A Festival of Fire: Wakayama’s Nachi no Ogi

Shrouded beneath the thick branches of the Nachi Primeval Forest, the Kumano Kodo—the most sacred pilgrimage trail in Japan today—zigzags through the Kii Mountains of the Wakayama Peninsula. The five ancient routes that make up the Kumano Kodo lead to one of the most spiritual places in the country: Nachi Falls.

Three shrines surrounding Mt. Nachi, together referred to as Kumano Sanzan, are the headquarters for the more than 3,000 Kumano shrines across the country. The most visited is the Kumano Nachi Taisha, a shrine poised just beneath the famed falls. The Nachi Falls, measured from top to drop, are 133 meters in length—the tallest uninterrupted waterfall in Japan—and one of 48 in the Kii Mountains.

The sharp cliff and glistening falls, catching the afternoon light, are the backdrop for one of the oldest and largest annual fire festivals in the country, Nachi no Ogi. Nachi Falls marks the entrance to the mountain range, and is believed to house the god of eternity: many make the journey to receive a blessing for the afterlife beneath the mist.

Nachi no Ogi celebrates life, the afterlife, and everything in between. The festival connects the old site of the shrine, built 1,700 years ago, to the smaller and newer Hiro Shrine. The site has been renovated dozens of times due to storms, slides, and fires. Today the festival is held every July 14 from ten in the morning until three in the afternoon. These centuries-old traditions are still practiced: they are meant to unite the gods of the Kii Mountains and bring good health to the living, bountiful crops to the hungry, and a blessed eternity for those who have passed.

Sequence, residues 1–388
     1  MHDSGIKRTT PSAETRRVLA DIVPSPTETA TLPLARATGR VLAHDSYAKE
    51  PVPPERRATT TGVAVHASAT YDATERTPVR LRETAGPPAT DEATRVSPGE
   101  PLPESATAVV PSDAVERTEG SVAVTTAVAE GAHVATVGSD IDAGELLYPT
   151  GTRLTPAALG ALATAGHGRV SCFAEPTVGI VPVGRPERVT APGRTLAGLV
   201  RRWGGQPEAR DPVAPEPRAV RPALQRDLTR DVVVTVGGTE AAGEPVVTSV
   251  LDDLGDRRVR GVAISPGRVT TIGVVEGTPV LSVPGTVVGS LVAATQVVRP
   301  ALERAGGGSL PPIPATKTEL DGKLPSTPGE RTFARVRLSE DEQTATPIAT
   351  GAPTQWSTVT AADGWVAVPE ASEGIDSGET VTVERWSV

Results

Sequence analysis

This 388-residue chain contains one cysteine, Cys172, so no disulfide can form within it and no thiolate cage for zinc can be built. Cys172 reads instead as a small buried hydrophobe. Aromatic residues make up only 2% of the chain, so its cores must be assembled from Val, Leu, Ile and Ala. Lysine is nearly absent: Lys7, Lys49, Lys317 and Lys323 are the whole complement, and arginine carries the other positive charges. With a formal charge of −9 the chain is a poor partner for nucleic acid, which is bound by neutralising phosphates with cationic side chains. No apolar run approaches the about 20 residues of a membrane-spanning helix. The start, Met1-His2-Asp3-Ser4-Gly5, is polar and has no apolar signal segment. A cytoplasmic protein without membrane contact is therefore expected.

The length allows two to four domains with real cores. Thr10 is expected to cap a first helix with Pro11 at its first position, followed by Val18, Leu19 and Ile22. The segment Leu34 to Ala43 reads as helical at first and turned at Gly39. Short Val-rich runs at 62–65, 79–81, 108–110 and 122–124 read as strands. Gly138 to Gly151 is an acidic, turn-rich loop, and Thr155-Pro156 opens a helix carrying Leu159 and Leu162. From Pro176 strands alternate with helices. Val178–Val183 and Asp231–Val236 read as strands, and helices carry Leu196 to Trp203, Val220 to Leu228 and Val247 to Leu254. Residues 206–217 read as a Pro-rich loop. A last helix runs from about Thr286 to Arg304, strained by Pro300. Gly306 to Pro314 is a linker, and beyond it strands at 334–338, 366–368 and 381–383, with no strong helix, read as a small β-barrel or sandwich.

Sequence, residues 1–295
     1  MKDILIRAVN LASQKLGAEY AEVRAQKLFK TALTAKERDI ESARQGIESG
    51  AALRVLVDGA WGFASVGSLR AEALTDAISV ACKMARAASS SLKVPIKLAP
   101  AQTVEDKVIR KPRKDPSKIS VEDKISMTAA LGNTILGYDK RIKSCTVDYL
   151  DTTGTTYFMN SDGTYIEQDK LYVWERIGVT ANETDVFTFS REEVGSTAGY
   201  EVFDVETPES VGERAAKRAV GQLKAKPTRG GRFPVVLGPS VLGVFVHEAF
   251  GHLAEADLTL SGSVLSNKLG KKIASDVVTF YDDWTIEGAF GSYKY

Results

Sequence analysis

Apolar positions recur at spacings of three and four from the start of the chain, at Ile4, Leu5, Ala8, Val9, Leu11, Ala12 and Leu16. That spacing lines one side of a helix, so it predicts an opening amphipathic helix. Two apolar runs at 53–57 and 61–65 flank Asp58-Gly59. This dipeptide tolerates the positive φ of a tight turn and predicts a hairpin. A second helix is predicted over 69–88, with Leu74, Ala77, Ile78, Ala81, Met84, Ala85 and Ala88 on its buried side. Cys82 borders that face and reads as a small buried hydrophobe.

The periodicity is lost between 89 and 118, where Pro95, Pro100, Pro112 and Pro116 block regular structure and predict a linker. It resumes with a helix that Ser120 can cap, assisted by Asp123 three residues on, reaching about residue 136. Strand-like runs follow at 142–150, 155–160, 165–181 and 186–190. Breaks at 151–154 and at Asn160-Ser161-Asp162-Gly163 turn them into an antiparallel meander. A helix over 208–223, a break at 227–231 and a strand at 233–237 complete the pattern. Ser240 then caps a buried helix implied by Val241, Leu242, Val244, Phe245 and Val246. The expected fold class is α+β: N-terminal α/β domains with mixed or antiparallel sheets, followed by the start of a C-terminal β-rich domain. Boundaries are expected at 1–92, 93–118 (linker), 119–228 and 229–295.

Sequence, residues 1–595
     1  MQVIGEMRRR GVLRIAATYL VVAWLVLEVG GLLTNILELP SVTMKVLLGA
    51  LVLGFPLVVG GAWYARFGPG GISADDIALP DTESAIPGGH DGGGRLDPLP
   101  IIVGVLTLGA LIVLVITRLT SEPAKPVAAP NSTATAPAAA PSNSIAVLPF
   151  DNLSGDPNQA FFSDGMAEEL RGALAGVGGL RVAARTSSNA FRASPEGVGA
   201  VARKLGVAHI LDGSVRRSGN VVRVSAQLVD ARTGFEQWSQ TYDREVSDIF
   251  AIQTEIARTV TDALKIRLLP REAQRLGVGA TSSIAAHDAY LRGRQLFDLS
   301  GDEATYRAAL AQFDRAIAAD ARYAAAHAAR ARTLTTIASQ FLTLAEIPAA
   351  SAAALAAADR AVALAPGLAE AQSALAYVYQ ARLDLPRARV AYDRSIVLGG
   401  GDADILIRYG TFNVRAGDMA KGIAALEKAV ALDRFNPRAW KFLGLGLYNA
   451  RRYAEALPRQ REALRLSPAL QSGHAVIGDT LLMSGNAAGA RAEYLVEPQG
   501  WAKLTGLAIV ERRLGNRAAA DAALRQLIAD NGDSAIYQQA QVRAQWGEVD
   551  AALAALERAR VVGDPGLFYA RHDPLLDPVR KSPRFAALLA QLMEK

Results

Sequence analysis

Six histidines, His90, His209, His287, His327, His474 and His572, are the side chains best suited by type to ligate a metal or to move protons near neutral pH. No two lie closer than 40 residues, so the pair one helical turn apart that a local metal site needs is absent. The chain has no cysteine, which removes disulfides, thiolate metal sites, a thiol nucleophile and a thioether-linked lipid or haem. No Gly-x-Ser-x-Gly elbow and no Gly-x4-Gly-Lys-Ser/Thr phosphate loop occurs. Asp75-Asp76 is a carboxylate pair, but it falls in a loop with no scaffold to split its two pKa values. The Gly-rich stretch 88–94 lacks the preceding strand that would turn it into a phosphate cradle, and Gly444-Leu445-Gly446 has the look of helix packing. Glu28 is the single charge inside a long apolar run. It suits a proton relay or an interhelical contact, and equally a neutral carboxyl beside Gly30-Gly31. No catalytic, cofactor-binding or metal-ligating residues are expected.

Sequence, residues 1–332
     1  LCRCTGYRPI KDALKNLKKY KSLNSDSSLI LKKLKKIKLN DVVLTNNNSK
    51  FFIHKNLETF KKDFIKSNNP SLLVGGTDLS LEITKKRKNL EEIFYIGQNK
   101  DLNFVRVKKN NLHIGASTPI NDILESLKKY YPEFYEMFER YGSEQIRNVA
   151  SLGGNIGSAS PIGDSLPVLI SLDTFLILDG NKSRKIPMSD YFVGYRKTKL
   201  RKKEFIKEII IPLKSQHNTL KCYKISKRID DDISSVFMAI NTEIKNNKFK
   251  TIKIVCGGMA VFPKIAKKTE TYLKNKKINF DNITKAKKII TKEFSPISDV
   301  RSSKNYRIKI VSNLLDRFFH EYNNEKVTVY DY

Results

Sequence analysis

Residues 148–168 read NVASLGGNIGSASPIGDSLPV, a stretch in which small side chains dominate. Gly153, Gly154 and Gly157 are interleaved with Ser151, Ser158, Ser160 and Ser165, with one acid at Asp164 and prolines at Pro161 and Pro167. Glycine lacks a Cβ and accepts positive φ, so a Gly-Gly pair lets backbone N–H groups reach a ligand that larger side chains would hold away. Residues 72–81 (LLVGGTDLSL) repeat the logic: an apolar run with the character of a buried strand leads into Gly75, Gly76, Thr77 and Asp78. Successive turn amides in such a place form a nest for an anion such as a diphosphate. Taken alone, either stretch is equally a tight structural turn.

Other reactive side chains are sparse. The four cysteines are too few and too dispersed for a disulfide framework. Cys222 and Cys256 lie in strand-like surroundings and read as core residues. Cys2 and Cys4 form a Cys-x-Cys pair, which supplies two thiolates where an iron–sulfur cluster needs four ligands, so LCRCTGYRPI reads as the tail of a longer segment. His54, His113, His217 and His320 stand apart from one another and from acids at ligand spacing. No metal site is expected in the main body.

A priest, his face drawn with fresh, hot ashes, marches across a cobblestone path, his voice ringing out, drowning out Nachi Falls: “Sen nen appari!” He calls our for a blessed eternity. Voices echo his wishes, and chant along with him. He marches in a circle thrice before retiring; a flutist plays for a moment while onlookers, sweaty from the humid July air feel the mist from the falls on their faces. The song comes to a lull, then there is stillness.
A priest, his face painted with hot ashes, marches across a cobblestone path, his voice ringing out, drowning out Nachi Falls: “Sen nen appari!” He calls our for a blessed eternity. Voices echo his wishes, and chant along with him. He marches in a circle thrice before retiring; a flutist plays for a moment while onlookers, sweaty from the humid July air, feel the mist from the falls on their faces. The song comes to a lull, then there is stillness.
The raised fans, the same ones used to fan the flames are the only prop used in the dance. A drum steadies the rhythm of their movements, and a flutist guides them through the steps (Nachi no Dengaku). The exact meaning of the dance is kept a secret, according to a maiko. A stark contrast to the hectic and rowdy fire parade, the dance slows down the festival, subduing the atmosphere. At the end of the dance, it is believed the gods from above have fully revived themselves from the fire and falls, and will return to their home at the top of the mountain thereafter.